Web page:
Part E - Interaction

Captology

Introduce computers as a persuasive device
Describe the marketing techniques used to persuade users

"Man will become better when you show him what he is like" Chekov

Individual | Social | Ethics | Science | Credibility | Exercises



Captology is the study of how computers can be used to persuade people to alter their behavior or opinions.  The term captology derives from "Computers as Persuasive Technologies".  Captology draws heavily on the research results on persuasion in the fields of psychology and marketing.

Persuasive technologies are technologies that intend to change the attitudes or behaviors of persons through persuasion and social influence, but not coercion.  Billboards are a persuasive technology.  They are one of the oldest forms of advertising.  On the other hand, automobile technology is not persuasive.  The introduction of the automobile caused the development of suburbs, but that was never the intention of introducing autombiles.  Whether software is a persuasive technology - alters people's behavior or opinions - does not depend upon the software itself, but on the intent of those who have make its use possible.  In other words, software reflects the intent of those who contribute to its use. 

In this chapter, we describe the use of computers to persuade users, list the different techniques used in individual and social persuasion, present the different ethical theories, and describe the scientific theories of persuasion.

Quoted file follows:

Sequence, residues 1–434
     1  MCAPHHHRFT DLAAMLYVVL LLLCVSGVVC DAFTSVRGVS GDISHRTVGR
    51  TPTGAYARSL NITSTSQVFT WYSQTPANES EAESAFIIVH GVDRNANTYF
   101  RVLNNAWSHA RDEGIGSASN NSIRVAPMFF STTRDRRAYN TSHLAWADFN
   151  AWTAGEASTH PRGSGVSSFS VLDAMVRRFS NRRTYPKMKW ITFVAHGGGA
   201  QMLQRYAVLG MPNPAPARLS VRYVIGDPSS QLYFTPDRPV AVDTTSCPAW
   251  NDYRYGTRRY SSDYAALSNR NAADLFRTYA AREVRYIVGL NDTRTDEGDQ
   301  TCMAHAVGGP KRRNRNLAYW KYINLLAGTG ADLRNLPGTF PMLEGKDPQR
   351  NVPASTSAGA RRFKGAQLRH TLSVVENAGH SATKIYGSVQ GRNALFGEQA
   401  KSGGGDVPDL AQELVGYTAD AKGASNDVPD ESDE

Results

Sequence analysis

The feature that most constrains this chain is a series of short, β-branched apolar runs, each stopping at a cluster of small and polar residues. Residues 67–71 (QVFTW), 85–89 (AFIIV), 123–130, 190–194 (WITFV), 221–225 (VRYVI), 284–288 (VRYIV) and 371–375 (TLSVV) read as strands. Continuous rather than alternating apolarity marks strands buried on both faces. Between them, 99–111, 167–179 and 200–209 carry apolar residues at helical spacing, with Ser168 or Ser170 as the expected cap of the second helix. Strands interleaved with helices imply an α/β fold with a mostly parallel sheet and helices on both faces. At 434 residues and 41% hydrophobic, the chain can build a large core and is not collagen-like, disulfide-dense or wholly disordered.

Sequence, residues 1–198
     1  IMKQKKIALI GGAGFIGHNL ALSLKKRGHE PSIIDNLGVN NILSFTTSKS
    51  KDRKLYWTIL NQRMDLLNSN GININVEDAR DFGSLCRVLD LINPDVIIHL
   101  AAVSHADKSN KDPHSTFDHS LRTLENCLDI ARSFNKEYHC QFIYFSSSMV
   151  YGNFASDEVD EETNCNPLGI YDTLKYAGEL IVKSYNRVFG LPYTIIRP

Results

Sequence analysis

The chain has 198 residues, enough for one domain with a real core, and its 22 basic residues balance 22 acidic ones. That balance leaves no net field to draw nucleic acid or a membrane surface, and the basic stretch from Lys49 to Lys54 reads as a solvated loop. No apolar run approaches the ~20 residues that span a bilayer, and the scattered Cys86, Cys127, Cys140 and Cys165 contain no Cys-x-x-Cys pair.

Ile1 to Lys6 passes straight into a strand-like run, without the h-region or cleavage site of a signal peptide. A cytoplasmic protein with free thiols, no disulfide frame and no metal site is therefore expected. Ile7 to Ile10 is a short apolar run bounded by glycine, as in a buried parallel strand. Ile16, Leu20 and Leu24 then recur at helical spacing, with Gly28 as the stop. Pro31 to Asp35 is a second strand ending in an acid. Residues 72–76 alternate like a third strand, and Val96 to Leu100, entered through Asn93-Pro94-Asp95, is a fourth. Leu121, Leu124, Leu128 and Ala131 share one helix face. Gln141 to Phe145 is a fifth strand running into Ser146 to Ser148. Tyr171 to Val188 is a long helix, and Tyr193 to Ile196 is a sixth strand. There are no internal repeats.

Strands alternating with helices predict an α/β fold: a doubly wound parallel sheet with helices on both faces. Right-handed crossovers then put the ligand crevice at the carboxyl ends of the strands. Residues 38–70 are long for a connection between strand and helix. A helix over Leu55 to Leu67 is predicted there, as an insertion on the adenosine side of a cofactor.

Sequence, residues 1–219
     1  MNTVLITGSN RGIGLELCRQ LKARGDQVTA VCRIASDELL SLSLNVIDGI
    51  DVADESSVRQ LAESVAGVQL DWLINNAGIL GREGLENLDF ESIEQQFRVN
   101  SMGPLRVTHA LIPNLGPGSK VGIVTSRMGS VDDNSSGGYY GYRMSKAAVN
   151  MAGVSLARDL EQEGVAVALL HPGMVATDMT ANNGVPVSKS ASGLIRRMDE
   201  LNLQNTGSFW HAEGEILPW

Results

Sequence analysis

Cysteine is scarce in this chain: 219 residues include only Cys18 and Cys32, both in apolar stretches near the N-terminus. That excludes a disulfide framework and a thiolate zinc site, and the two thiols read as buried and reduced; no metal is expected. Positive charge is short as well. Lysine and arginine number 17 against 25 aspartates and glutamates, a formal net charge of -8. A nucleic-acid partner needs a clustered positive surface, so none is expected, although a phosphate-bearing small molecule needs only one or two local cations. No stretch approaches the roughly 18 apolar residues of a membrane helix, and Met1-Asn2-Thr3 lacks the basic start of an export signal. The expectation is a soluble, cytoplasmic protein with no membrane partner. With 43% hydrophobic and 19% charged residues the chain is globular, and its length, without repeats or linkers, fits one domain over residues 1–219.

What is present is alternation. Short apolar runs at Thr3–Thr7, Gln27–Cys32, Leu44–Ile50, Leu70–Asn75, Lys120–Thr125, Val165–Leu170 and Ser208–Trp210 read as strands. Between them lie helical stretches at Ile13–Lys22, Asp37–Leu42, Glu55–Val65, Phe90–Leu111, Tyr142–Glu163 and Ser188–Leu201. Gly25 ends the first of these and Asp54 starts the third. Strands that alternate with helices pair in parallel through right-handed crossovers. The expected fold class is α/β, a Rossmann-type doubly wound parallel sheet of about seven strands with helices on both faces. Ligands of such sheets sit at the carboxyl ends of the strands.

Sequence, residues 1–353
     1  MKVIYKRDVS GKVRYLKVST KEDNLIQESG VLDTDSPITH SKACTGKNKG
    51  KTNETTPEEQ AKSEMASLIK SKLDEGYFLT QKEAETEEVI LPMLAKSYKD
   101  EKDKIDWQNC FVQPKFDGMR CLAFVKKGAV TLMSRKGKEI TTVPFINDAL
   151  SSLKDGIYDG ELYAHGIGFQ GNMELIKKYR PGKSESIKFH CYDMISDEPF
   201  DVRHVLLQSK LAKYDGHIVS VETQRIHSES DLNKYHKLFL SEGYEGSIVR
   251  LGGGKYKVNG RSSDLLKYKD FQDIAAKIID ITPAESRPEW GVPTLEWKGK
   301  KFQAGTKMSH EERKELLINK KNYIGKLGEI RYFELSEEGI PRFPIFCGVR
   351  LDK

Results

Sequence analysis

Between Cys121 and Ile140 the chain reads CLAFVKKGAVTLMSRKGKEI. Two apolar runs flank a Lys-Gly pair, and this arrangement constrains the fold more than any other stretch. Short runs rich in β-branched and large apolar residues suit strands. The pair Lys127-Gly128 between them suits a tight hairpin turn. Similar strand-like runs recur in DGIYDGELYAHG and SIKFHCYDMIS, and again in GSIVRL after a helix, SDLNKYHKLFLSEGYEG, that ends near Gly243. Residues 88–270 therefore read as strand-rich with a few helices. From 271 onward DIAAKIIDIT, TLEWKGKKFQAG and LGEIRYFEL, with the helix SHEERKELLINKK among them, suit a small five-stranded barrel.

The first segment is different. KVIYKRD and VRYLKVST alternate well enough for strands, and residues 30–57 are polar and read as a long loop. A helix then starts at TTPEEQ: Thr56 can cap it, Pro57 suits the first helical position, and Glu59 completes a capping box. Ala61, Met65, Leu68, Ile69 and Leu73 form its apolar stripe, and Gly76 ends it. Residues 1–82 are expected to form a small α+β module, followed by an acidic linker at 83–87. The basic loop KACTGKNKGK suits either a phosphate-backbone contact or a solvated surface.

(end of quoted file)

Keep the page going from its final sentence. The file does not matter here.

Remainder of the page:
Individual Persuasion

Types of Intent

There are three types of intent:

  • Endogenous Intent
    • comes from the developers who produce the technology
  • Exogenous Intent
    • comes from the publishers who give the technology to others to distribute
    • large companies distribute persuasive technologies
  • Autogenous Intent
    • comes from the users themselves
    • a user has decided to use software to modify her/his own behavior

Functional Roles

Computers that are used for persuasion can serve in several different roles:

  • tools
  • media
  • social actors

Tools

As a tool, the computer can provide the user with new capabilities.  With the computer, the user can do things they could not do otherwise.

Computers as tools can

  • reduce barriers to certain behaviors so that those behaviors are promoted
  • make certain behaviors seem achievable
  • provide information for informed decisions
  • shape a person's mental model

For example, a heart rate monitor can:

  • be preset to notify the user when the heart rate goes too high or too low
  • modify user behavior by providing feedback not available without the device

Media

Computers as media can

  • educate users
  • shape a person's mental model

For example, the computerized exhibit at the San Francisco Exploratorium:

  • allows people to make various choices about their sexual behavior
  • shows them the consequences of their behavior
  • seeks to influence behavior by demonstrating the dangers of various behaviors

Social Actors

As a social actor, a computer can serve as a compass to influence behavior. 

Computers as social actors can

  • educate users
  • provide tutorial assistance
  • provide a foil against which the user measures her/himself
  • shape a person's mental model

For example:

  • a children's game has a central character who encourages the children to eat their fruits and vegetables

Social Persuasion

Persuasive technology need not just affect single individuals.  It can produce social effects: 

  • family entertainment software can persuade families
  • software in the workplace can persuade company employees to behave in a way that the company wants to encourage
  • a software product can persuade its users to install new versions by sending notices to all users in the hope that many will upgrade

Domains

Domains of social persuaion include:

  • Safety
    • safe driving
    • using bike helmets
    • substance abuse
  • Environment
    • recycling